15. The old one-room school was bought by Bella and Clarence Brown in the early 1962 and turned into a family residence.
16. In 1949, the Air Force donated a second building which became the North Star School. Mrs. Perrault became Happy Valley’s first librarian also. Bella Brown took over as Happy Valley’s librarian when the North Star School’s second building was donated as the new library.
17. The Grenfell Mission operated the first medical facilities when it opened a nursing station in 1951. In 1963, the provincial government built Paddon Memorial Hospital.
18. Happy Valley-Goose Bay lies at the southwest end of Lake Melville near the mouth of the Churchill River.
19. The town is located on the southern shore of a peninsula created by Terrington Basin to the north and Goose Bay at the south.
20. Happy Valley-Goose Bay displays a humid continental climate (Köppen Dfb) right on the borderline with a subarctic climate (Köppen Dfc), marked by significant snowfall in the winter, which has average highs around −12 °C (10 °F).
21. Summer highs, on the other hand, average 20 °C (68 °F). The average high temperature stays below freezing for five months of the year and the low does so for eight months.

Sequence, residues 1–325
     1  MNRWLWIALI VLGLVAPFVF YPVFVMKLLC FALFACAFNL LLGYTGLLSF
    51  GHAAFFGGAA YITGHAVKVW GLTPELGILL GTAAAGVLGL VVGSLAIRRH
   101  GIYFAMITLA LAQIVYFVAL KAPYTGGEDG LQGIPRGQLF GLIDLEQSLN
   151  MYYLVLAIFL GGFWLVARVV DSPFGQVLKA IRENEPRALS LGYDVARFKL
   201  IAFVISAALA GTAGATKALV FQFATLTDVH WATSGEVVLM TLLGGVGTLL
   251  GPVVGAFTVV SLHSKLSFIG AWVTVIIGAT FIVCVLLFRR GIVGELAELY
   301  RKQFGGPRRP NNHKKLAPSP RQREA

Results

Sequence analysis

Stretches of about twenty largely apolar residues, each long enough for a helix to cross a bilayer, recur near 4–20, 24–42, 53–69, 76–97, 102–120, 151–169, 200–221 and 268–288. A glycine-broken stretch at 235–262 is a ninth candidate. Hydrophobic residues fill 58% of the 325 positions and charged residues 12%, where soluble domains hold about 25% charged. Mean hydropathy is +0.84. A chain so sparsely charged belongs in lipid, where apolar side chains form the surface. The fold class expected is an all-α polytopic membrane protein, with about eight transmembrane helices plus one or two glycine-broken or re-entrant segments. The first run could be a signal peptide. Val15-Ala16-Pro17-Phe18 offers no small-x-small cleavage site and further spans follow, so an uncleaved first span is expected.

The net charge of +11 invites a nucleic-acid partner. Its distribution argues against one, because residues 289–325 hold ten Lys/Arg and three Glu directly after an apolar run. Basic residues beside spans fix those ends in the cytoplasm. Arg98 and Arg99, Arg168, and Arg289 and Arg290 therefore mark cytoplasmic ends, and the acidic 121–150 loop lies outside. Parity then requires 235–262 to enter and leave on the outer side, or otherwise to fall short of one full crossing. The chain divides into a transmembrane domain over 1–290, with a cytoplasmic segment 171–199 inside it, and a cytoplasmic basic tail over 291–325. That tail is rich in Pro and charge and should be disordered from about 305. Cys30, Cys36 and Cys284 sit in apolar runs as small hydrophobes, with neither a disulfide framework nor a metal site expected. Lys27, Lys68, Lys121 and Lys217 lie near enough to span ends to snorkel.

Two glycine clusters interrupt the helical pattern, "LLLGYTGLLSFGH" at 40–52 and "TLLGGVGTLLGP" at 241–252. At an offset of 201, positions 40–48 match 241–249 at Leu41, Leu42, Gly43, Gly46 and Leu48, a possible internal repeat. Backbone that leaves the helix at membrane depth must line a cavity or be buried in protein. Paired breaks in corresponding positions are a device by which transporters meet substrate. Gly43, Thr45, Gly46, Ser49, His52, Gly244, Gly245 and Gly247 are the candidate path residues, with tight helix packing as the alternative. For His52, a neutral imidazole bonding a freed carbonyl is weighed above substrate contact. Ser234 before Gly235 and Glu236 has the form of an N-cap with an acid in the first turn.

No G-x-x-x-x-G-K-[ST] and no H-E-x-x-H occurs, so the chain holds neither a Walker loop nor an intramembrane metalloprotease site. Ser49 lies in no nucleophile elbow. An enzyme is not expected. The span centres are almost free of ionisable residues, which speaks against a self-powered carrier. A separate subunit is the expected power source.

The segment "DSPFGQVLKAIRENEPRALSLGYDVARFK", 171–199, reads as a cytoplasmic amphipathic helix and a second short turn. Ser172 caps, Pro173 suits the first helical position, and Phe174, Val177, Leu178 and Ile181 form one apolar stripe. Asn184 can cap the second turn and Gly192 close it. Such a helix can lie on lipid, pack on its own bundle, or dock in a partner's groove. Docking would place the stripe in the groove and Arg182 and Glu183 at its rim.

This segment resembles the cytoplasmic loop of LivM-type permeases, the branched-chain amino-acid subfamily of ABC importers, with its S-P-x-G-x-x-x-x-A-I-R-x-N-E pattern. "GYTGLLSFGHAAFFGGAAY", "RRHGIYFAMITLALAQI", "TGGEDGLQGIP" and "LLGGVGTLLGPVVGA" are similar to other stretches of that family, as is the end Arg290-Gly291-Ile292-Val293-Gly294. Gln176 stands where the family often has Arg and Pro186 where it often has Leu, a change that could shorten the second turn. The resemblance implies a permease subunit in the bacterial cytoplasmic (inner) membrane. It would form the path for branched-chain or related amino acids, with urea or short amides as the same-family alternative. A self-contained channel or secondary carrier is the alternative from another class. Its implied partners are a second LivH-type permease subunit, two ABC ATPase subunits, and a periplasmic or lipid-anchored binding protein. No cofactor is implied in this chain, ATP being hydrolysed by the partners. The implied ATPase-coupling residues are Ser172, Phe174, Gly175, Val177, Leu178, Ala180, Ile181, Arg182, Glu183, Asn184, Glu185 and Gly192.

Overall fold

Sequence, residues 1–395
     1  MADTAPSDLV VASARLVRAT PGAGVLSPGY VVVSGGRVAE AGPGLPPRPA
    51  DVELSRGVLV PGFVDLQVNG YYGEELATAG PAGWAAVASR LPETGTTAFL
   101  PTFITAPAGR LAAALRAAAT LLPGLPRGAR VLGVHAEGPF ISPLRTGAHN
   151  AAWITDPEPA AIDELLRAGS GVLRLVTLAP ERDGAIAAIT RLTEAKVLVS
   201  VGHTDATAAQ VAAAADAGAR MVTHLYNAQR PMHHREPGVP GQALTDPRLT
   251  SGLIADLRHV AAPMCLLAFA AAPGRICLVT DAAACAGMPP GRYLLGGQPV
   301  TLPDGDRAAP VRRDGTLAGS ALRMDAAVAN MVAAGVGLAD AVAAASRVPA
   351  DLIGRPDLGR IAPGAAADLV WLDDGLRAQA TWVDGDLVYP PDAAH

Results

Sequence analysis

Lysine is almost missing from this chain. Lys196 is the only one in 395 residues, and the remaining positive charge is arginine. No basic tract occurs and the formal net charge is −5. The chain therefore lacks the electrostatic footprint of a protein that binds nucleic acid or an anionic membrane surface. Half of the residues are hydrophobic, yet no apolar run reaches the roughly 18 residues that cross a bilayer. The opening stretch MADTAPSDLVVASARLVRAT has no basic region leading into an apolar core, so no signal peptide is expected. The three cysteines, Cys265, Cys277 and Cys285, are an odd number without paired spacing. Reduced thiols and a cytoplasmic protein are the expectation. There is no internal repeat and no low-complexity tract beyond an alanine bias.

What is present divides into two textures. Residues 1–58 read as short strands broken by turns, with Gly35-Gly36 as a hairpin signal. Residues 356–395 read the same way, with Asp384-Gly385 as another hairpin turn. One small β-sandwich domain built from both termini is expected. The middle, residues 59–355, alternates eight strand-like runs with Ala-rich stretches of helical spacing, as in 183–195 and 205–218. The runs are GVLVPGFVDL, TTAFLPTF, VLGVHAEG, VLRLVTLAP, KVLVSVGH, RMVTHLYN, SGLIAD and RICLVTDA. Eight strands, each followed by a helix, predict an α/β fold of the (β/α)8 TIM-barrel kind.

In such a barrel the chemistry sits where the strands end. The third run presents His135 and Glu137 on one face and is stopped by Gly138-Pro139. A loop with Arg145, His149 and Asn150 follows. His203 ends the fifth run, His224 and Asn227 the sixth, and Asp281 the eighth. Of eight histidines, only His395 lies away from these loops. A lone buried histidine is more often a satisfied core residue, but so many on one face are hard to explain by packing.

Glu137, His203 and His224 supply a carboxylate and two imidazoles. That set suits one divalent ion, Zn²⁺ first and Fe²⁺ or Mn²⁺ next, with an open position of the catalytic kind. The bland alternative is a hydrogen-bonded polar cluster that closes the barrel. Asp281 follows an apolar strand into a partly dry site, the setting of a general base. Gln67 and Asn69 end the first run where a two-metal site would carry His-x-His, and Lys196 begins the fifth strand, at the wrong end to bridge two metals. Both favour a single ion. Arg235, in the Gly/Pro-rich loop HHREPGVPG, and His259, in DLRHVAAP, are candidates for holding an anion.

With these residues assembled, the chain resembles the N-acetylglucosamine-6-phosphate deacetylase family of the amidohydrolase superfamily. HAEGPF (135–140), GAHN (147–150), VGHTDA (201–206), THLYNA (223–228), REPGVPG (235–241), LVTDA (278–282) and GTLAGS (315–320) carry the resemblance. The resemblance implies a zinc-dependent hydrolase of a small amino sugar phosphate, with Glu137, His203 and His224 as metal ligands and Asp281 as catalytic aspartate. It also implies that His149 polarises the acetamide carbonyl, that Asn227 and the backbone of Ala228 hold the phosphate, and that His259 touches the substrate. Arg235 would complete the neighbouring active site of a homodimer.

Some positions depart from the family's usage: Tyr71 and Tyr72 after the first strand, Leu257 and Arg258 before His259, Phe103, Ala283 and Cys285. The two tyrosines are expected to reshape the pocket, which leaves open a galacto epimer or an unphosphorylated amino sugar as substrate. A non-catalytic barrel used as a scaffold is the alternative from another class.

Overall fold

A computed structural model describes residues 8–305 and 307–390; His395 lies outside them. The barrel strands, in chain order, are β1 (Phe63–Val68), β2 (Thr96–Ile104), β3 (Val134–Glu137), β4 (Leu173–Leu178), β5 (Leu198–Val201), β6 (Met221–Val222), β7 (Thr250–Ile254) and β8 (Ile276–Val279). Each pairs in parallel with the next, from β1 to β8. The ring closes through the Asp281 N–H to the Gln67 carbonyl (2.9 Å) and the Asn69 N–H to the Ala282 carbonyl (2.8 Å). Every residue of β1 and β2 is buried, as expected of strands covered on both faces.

22. Snowfall averages nearly 460 centimetres (180 in) per year, and occurs in all months except July and August. Precipitation, at nearly 950 millimetres (37.4 in), is significant year-round and is heavy for a continental climate at its latitude.
23. CFB Goose Bay has seen a reduction of NATO low-level tactical flight training in the past decade, and the town is facing an uncertain future as the federal government has reduced the number of permanent Royal Canadian Air Force personnel to fewer than 100 all-ranks. The last NATO nations to use CFB Goose Bay for flight training, Germany and Italy, did not renew their leases after terminating in early 2006.
24. The runway at Happy Valley-Goose Bay was also an alternate, but unused, landing site for the now-decommissioned NASA space shuttle, because of its size and length.